‘Overvalued’ Jets Starter Under Fire: ‘Haven’t Received Return on Investment’

C.J. Mosley

Getty Miami Dolphins running back Duke Johnson beats New York Jets linebacker C.J. Mosley for a first down on December 19, 2021.

Since taking over the direction of the New York Jets franchise, general manager Joe Douglas has had to clear out a ton of bad contracts and cap space.

Just a couple of years ago, the organization ranked toward the bottom of the league in dead money — salaries you are still paying for players that are no longer on the roster. Upon writing this article on June 30, 2022, the Jets are now first in the NFL in that same category with a minuscule $2.082 million in dead cap.

Add in the fact that this building is now brimming with young talent and you get a sense of just how incredible the turnaround has been. Having said that, the Jets still need to trim the fat in one or two areas and that includes the largest cap hit on the team — a player who was signed by ex-GM Mike Maccagnan.

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NFL Writer Rips Mosley

During an article on CBS Sports with the headline, “overvalued players on every AFC team,” long-time NFL writer Jeff Kerr criticized linebacker C.J. Mosley for his lackluster play since signing with the Jets in 2019. He stated:

Ever since Mosley signed his five-year, $85 million contract with the Jets, the franchise hasn’t received a return on investment. Mosley has played just 18 games in his three seasons in New York, playing only two games in 2019 due to a groin injury and sitting out the entire 2020 season as a result of the COVID-19 pandemic.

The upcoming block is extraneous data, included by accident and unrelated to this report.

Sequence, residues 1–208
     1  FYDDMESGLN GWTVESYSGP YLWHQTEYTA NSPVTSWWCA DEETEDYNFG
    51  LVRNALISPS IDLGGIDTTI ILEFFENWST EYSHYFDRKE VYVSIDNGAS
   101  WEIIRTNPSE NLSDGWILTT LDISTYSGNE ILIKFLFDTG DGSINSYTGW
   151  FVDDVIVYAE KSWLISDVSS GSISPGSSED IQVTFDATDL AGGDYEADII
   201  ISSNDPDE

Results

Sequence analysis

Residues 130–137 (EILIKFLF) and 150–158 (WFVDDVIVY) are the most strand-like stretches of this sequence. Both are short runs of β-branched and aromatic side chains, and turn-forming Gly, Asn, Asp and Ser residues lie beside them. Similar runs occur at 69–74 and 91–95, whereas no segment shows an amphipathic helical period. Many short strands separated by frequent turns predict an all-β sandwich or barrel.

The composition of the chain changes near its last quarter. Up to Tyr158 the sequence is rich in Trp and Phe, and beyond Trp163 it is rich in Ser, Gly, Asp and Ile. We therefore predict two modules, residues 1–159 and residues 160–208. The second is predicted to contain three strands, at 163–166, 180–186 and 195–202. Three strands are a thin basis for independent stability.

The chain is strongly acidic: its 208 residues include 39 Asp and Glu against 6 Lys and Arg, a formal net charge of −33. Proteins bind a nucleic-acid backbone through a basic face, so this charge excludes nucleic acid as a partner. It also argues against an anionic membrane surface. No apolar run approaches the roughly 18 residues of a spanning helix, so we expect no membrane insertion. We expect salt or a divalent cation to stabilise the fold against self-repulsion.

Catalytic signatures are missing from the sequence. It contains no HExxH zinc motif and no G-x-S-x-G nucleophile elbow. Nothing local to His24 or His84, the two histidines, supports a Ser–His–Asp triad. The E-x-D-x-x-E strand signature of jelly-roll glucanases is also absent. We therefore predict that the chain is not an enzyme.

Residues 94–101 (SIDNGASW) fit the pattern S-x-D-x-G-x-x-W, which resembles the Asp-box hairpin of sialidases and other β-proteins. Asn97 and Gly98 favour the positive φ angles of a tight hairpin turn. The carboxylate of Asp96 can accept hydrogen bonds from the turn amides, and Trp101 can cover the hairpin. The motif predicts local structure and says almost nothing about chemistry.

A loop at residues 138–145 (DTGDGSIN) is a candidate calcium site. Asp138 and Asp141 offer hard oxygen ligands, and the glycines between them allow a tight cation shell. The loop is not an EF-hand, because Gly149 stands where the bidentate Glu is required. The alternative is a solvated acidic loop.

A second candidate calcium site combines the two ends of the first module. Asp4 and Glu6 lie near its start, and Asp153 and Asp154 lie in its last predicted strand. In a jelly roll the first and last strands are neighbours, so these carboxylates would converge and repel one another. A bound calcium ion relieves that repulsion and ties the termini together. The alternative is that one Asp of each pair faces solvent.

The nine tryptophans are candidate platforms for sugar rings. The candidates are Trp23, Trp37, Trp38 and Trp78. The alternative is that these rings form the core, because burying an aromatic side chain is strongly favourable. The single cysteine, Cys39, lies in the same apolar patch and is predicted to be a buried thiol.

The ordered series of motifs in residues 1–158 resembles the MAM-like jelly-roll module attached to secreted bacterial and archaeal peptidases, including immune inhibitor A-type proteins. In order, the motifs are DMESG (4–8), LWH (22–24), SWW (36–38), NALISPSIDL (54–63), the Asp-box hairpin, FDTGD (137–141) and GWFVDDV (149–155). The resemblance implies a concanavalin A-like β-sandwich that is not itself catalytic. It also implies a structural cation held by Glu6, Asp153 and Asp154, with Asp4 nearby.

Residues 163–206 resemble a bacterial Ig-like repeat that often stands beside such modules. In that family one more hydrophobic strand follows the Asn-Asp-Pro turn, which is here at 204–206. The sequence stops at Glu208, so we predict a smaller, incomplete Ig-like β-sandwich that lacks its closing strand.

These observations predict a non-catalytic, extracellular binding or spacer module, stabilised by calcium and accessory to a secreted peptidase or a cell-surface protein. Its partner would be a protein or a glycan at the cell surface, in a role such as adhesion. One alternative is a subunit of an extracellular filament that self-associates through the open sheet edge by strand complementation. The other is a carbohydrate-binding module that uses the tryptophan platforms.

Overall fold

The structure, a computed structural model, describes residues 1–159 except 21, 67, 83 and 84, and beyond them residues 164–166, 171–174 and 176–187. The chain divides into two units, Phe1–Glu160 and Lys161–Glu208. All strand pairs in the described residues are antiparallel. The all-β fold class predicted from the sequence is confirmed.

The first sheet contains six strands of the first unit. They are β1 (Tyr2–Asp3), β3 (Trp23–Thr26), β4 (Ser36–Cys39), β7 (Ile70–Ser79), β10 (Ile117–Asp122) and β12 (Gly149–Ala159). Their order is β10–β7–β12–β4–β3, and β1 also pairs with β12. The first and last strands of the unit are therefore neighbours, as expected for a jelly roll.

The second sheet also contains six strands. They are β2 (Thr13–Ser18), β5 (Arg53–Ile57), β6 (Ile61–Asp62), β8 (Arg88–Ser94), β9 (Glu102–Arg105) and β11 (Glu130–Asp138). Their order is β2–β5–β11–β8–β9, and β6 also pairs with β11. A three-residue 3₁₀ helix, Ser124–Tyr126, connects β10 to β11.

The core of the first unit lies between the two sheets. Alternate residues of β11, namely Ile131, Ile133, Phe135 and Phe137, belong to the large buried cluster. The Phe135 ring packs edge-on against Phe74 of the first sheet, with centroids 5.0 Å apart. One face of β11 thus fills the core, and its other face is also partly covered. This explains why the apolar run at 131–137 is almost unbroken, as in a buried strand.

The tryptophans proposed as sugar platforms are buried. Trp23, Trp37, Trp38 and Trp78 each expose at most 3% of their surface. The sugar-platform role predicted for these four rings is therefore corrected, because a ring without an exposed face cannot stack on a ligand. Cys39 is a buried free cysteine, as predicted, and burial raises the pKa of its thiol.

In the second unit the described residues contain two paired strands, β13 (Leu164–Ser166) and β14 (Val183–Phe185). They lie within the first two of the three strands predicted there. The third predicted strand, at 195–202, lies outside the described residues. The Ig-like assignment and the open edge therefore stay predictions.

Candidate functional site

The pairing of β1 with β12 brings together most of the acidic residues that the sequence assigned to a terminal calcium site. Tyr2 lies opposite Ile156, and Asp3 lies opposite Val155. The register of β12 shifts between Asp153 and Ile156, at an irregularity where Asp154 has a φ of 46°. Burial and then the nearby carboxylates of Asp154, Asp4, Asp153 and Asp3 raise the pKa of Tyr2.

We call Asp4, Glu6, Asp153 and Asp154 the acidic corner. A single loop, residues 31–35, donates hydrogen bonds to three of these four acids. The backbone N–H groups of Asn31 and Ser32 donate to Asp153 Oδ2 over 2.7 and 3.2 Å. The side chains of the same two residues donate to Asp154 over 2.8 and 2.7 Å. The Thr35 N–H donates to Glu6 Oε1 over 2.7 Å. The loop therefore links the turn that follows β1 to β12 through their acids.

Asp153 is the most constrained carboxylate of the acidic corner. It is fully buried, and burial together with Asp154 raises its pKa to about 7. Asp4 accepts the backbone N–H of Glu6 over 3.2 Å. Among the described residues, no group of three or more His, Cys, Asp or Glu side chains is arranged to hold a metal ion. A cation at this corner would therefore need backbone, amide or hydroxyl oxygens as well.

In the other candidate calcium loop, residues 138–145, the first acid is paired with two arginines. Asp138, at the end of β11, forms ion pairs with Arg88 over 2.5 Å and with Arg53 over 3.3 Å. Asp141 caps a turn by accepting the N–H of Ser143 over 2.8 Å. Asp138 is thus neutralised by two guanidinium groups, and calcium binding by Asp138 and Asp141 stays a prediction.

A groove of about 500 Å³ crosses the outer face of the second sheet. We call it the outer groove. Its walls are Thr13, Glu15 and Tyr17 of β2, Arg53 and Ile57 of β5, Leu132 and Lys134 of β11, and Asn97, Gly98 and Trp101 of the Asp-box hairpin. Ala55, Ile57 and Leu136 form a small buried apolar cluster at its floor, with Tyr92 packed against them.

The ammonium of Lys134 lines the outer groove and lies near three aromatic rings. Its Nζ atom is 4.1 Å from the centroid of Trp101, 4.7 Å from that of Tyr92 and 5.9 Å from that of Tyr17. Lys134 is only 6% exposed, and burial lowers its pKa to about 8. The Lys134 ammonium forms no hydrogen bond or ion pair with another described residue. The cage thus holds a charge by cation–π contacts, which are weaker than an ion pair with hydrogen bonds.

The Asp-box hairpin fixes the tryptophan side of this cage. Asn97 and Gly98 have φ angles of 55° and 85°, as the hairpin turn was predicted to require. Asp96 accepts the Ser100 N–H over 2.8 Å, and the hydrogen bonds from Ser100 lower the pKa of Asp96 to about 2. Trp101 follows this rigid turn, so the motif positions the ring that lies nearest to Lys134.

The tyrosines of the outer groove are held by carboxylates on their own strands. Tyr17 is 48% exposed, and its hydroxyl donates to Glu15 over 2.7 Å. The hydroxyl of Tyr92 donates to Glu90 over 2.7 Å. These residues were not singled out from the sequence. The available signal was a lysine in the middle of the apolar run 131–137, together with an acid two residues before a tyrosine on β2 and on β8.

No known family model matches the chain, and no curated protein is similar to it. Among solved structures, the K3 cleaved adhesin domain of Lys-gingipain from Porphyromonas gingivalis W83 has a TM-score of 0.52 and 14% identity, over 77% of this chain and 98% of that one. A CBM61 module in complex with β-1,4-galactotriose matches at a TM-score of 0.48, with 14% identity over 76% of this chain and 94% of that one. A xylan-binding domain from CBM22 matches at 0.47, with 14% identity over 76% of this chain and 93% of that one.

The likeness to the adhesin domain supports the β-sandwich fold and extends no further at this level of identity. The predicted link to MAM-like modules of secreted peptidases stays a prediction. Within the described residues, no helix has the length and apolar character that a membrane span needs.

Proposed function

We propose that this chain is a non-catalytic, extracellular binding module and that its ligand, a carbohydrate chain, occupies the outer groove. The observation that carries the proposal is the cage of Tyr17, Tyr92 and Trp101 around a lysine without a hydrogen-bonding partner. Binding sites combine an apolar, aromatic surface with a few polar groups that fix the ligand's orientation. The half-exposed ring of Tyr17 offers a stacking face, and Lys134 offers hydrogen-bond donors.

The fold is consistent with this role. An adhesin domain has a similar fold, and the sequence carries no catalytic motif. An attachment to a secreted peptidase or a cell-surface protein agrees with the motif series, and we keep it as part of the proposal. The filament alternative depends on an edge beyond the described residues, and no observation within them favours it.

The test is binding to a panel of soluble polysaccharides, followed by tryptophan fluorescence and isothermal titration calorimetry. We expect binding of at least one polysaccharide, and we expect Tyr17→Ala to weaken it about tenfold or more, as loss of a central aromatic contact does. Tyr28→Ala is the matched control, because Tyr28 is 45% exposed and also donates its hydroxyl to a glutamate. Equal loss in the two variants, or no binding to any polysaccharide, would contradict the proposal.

Mosley had a career-high 168 tackles in 2021 with two sacks and two forced fumbles, but allowed a 95.2 passer rating to opposing quarterbacks when he was the primary defender. Not exactly the two-way linebacker he was in Baltimore.

The Jets are relying on Mosley to return to his Pro Bowl form. Do they really have a choice with his contract?

Kerr has a point. Some look at Mosley’s 2021 campaign and see a success story. The NYJ captain returned to the field and started 16 games, posting a career-high 168 total tackles. He was also voted team MVP by his colleagues.

When you dive deeper into the analytics, that narrative goes down with the ship.

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The Captain Isn’t Pulling His Weight

For starters, Mosley was the linchpin of a 32nd-ranked unit. As Kerr noted, he was a total liability in pass coverage — an area he used to excel in — with a 50.2 grade on Pro Football Focus, 87% reception rate against, zero interceptions and just two passes defended on the entire season.

Mosley’s run defense was also a shell of his former self. His PFF grade was a pitiful 38.5 against the ground game although to be fair, the veteran linebacker only had a missed tackle percentage of 7.5% with a solid defensive “stop” percentage of 9.5%.

In terms of average depth of tackle — how many yards a player gained before a defender made the stop — Mosley’s 3.8 average was tied for 27th in the league among linebackers who logged at least 50% of snaps in 2021.

Judging by these analytics, was Mosley’s third year with the Jets awful? No, in a better defense he would have likely served as your average linebacker with plus tackling and passable stats against the run and the pass.

You expect more from a $17.5 million asset though, and 2022 certainly looks to be make-or-break for the team captain. If the Jets cut Mosley after June 1 next offseason, they’ll save $17 million out of the $18.5 million they owe him. It would take a stellar campaign or a major restructuring for Douglas to pass up significant cap savings like that.

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